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Reader Comments on Aardvark Daily 27 June 2002

Note: the comments below are the unabridged submissions of readers and do
not necessarily reflect the opinions of the publisher.


From: Bahu
For : The Editor (for publication)
Subj: Weights and Measures

Good point, but a question that impacts on this is how much
data have I sent as opposed to how much I thought or can
prove I sent/received.

MIME, BinHex and UUEncoding and such like, the methods used
so that we can send/receive attachments from our modern
(8bits to a byte) PC's and systems over the 30 year old
(7bit to a byte) internet, makes most files larger.

The difficulty is that you have to be able to prove that
you got what you paid for or have been short changed.

From: paul
For : The Editor (for publication)
Subj: ADSL Usage meters

Interesting article.

Since June 20 I have been comparing the Xtra Jetstart web
based usage with a program call DU Meter that I have on my
PC at home.  I find that the Xtra usage is always higher
that what DU reports. DU reports all traffic in and out of
the PC even LAN printer traffic.

I am watching it with interest.

From: Matt
For : The Editor (for publication)
Subj: Jetstart usage monitoring

I've just got Jetstart at home. I run Smoothwall firewall
software to isolate my internal home LAN from the ADSL
router modem/internet. Smoothwall has fantastic traffic
analysis and graphing tools, and I will use them to compare
with what Telecom says I use via their usage meter.

Smoothwall is free (its GPL), runs on a dedicated machine
(requires a 486 or above), is easy to install and supports
both dial up modems and ADSL via USB or ethernet.

From: Jon Dean
For : The Editor (for publication)
Subj: ADSL Metering

What exactly is being measured by Telecom. Is it IP traffic?
or PPP packets? or ATM packets? Where exactly is it
measured? Maybe at the DSLAM at the local exchange or maybe
somewhere closer to Telecom international IP gateway.

I realise that Jetstart/Jetstream Starter traffic is
routed/managed/billed by the ISP, but with this type of
account international traffic differs from national. How?
What is the definition of national?

Most of us don't have a clue what we are actually
purchasing, because Telecom sees fit not to tell us.How many
people actually understand the difference between Jetstart
and Jetstream... ie. who is ultimately providing the
internet connectivity?

From: Steve
For : The Editor (for publication)
Subj: Usage Metering

One of the main problems with traffic metering for billing
purposes is that the end user does not always understand
how the billing is done and how it relates to the data that
has been sent/received over their link.

There have been a few articles on this subject on the DSL
mailing list, one highlighting why what you see with
programs such as DU Meter and what the ISP bills you for
are different.

Telecom giving people traffic metering programs is not
really going to help things much, the problem if anything
will simply get worse, especially where there is traffic
shaping involved, as more and more people will think that
what the little program tells them is 100% accurate.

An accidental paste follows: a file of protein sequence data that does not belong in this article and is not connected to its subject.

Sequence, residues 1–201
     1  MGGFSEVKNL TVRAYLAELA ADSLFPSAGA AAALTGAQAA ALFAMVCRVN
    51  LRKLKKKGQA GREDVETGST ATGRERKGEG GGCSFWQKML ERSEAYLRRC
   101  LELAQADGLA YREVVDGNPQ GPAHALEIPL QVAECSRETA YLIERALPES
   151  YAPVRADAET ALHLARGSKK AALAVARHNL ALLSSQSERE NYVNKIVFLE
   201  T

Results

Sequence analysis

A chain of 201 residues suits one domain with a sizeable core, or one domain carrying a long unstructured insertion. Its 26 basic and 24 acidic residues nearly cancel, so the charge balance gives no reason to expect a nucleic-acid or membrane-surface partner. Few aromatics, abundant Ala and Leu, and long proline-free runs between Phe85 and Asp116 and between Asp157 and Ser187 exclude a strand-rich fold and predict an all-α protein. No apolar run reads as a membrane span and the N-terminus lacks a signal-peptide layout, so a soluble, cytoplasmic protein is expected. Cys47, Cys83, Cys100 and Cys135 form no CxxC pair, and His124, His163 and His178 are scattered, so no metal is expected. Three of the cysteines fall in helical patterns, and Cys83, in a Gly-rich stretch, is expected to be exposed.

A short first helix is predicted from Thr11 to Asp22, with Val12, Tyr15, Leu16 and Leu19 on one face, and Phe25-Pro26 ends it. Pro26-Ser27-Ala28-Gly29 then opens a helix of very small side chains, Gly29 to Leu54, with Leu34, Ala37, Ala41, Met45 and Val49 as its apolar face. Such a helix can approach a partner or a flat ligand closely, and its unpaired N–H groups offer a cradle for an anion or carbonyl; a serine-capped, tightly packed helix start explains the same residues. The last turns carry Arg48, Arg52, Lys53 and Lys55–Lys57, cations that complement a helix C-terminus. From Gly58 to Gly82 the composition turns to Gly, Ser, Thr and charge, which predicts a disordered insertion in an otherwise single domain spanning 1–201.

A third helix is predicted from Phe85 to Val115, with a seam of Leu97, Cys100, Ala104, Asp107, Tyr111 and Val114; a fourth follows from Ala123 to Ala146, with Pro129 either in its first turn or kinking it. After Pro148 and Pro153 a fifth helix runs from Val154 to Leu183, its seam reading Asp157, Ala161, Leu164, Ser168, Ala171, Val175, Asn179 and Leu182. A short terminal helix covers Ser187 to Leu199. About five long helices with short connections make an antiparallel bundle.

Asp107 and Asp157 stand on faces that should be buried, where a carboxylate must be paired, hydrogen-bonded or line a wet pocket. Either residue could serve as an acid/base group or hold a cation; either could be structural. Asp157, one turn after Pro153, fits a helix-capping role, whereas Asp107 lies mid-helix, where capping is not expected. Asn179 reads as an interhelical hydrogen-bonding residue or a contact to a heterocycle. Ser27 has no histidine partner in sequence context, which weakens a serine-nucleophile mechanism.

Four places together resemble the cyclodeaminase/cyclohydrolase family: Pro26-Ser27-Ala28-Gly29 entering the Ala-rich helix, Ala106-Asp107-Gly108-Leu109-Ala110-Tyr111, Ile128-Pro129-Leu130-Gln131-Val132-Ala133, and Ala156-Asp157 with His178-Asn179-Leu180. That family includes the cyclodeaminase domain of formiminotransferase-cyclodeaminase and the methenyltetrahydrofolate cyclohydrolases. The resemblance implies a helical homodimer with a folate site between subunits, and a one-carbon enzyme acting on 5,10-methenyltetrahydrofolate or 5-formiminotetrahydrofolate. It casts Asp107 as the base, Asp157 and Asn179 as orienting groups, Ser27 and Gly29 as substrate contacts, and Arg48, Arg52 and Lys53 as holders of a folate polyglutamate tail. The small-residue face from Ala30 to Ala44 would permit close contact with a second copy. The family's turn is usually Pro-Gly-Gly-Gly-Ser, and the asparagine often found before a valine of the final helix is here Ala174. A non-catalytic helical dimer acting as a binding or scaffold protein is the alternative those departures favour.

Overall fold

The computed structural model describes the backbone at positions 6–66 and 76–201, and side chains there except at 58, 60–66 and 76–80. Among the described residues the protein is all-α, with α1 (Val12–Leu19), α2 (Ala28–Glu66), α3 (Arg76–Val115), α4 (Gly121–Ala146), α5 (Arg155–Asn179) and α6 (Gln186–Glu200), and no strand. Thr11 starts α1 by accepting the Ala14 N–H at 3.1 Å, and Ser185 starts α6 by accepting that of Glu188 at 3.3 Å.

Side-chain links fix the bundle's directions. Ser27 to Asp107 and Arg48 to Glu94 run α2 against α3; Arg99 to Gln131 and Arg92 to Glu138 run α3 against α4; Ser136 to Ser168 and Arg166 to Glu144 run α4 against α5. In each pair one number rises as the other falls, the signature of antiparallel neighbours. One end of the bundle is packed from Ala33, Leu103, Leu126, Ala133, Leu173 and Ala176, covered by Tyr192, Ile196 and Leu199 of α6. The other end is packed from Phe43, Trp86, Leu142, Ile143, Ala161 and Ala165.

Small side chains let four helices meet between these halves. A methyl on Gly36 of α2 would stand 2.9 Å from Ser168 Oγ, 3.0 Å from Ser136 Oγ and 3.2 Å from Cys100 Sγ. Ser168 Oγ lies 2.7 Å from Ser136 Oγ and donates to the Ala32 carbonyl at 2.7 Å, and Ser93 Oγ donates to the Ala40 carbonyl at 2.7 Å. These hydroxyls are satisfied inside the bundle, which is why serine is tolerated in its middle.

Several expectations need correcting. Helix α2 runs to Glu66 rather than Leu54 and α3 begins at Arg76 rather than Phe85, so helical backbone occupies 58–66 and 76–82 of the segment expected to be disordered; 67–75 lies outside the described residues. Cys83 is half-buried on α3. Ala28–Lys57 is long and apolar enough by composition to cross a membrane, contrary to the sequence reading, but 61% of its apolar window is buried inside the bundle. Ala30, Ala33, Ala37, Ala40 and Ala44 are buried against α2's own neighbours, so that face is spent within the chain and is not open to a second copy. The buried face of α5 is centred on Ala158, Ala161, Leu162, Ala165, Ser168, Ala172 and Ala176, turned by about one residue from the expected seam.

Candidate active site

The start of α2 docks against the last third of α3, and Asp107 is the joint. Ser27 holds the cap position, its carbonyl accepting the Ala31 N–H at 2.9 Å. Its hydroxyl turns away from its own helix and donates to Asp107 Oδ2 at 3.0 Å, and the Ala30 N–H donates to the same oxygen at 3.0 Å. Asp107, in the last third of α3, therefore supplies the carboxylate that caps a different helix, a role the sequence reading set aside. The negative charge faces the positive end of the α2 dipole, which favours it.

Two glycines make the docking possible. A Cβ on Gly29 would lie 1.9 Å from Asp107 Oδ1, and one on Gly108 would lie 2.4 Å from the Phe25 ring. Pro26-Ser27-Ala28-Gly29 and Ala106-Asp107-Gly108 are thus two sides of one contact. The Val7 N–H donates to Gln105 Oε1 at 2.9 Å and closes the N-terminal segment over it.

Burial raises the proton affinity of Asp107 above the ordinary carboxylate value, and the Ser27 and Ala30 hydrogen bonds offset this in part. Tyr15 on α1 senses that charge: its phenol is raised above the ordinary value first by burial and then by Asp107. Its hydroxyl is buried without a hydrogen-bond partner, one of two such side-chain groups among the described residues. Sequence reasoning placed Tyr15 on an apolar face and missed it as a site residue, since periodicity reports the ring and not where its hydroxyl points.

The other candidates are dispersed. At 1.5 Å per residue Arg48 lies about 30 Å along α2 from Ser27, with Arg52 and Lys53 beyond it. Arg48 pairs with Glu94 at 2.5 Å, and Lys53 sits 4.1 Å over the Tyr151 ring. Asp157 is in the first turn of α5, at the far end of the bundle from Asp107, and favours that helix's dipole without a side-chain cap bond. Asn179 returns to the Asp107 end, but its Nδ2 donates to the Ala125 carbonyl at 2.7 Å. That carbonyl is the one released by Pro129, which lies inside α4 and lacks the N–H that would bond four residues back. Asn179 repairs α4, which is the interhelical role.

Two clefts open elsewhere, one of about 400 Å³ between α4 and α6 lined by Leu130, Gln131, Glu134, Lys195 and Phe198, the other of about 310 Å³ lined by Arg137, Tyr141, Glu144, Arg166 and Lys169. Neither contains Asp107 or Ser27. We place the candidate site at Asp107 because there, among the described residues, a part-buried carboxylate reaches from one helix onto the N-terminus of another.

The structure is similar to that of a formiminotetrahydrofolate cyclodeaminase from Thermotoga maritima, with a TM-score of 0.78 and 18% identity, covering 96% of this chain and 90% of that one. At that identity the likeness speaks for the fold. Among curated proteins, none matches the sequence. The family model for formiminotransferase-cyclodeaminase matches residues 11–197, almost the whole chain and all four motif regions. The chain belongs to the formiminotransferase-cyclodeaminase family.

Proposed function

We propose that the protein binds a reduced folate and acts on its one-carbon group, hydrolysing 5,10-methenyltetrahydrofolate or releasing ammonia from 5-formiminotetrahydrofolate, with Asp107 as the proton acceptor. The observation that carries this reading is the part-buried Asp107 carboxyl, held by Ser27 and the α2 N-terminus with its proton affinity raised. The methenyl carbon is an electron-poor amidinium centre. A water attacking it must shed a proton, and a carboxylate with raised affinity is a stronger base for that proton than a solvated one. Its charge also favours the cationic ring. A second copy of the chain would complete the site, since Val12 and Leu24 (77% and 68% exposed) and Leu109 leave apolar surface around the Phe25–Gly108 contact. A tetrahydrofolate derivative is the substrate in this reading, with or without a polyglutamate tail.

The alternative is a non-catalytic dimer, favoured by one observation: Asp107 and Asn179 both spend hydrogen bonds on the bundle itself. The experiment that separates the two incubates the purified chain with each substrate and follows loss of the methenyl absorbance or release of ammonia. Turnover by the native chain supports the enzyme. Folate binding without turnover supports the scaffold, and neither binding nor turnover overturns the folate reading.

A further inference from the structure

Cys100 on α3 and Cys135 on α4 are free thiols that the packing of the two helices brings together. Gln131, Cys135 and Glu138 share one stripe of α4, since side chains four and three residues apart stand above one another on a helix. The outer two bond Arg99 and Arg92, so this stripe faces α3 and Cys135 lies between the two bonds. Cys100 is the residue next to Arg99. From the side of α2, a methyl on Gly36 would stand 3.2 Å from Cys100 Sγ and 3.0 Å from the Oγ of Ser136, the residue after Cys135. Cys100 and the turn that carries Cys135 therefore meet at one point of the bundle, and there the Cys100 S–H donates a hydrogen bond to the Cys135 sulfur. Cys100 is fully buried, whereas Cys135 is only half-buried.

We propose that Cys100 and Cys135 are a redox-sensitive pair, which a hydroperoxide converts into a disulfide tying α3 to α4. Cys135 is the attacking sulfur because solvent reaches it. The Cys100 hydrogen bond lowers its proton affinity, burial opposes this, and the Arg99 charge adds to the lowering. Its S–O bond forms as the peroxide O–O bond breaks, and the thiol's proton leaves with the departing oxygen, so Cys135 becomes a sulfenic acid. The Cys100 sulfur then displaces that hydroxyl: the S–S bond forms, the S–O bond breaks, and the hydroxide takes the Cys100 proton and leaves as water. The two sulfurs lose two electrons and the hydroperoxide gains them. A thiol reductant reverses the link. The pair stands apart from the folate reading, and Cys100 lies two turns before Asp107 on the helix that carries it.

While it would be good for an organisation to step in and
prove that ISP metering is done correctly, this also is not
usually an option simply because most corporations like
this also don't understand the technology. Were there to be
such an organisation that were capable of doing this then
you would probably find the ISP's would want to get
certified as this would help them prove to customers that
they ARE infact being billed correctly without spending
weeks in some cases, tieing up technical staff simply to
prove that a user did actually do their 20.5Gig worth of

(to add to the problems, if you have ever seen the output
of a netflow report broken down to individual flow lines,
and put into CSV format, its not nice, and there ain't many
programs out there that can actually process it :-) )

From: Steve
For : The Editor (for publication)
Subj: Useage Meters

I note that the new Telecom useage meter will likely only
access the same meter you can now see on the internet to
get the results. It looks like it does not itself calculate
useage at all, only display Telecom's figures on your

This gives the user a false impression that it is somehow
counting differently and lull the user into thinking that
the Telecom Useage Meter is correct, when in fact it is
only reading the same meter.

It is also, itself, adding to the amount of bandwidth that
can be charged to you. I admit that it should be
neglegable, but with potential for abuse.

From: Keith
For : The Editor (for publication)
Subj: Weights & Measures

"Why should IP data be exempt from the rigorous scrutiny of
the people at the Weights and Measures department of the
Ministry of Consumer Affairs?"

The short answer is that data isn't covered by the Weights
and Measures Act.

The long answer is that the science of metrology is based
on tracability. The weights that a W&M inspector uses for
checking a butcher's scales are calibrated against their
department's standard which in turn is calibrated against
NZ's national standard which in turn is calibrated against
the international standard which is a 1 kg lump of platinum
which sits in an air conditioned  vault in Paris. There are
simply no such *metrology* standards for data.

A better remedy for consumers (but not business) is perhaps
the current bill in Parliament which will bring
telecommunications and software into the coverage of the
Consumers Guarantee Act.

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